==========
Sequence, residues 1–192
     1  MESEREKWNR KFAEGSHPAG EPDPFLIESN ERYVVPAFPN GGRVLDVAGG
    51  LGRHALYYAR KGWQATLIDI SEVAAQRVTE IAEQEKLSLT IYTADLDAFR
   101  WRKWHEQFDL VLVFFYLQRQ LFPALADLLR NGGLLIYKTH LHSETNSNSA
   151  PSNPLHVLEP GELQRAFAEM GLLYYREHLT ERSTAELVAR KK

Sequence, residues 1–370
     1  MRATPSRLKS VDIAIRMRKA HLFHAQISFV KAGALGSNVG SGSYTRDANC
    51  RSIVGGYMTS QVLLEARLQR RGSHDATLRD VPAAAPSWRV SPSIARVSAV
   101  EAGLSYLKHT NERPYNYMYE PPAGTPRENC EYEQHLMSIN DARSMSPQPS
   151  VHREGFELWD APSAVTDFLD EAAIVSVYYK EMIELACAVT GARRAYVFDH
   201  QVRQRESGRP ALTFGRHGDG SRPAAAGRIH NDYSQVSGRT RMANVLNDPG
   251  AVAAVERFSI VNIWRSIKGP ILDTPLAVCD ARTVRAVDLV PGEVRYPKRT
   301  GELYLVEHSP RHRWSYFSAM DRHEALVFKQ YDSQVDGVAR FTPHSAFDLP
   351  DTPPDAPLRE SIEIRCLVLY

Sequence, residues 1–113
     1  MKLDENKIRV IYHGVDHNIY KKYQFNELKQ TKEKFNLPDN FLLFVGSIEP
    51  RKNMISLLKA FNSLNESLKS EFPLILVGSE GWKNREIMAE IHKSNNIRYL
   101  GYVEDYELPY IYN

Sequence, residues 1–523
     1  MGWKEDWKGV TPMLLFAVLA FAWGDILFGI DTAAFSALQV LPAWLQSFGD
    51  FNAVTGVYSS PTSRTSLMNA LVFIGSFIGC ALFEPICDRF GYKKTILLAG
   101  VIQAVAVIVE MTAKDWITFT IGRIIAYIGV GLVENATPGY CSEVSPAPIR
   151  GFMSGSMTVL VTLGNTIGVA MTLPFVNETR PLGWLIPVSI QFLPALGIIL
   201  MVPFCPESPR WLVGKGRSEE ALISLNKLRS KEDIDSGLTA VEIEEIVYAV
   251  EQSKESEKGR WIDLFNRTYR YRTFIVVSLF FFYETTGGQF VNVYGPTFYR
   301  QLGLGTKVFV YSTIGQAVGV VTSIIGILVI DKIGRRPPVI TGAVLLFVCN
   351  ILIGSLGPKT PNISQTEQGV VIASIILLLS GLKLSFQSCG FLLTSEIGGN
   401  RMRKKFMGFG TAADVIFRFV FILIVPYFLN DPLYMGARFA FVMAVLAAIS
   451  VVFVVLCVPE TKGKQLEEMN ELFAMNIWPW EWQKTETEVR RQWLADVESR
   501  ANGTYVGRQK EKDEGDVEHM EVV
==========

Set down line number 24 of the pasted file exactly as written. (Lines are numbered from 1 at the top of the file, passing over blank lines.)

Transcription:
   201  MVPFCPESPR WLVGKGRSEE ALISLNKLRS KEDIDSGLTA VEIEEIVYAV